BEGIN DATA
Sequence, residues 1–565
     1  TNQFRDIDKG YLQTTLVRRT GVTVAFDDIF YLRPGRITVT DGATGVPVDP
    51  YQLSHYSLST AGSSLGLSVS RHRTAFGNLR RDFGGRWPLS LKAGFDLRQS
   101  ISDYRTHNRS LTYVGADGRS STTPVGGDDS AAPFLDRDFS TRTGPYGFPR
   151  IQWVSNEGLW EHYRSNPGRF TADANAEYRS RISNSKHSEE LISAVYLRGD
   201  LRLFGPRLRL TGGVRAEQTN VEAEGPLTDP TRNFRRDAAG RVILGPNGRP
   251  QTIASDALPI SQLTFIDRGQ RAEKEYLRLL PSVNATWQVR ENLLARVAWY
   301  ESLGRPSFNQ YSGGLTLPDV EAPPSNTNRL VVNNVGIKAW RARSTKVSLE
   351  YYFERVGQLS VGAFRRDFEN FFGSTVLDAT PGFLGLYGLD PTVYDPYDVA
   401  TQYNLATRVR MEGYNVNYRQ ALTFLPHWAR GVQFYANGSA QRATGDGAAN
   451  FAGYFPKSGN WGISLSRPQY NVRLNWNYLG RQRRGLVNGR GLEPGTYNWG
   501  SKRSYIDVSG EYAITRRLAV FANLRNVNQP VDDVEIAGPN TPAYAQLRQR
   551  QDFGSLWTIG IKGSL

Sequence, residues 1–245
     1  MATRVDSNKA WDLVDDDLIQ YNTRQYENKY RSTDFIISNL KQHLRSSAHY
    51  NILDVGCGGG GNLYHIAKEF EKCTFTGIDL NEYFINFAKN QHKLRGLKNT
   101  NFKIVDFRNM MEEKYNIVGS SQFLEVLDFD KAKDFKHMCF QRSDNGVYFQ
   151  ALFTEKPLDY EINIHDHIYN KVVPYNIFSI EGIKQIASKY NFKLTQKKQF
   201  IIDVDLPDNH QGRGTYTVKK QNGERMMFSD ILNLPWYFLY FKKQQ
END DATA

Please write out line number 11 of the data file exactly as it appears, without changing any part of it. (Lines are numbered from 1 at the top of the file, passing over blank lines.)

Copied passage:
   451  FAGYFPKSGN WGISLSRPQY NVRLNWNYLG RQRRGLVNGR GLEPGTYNWG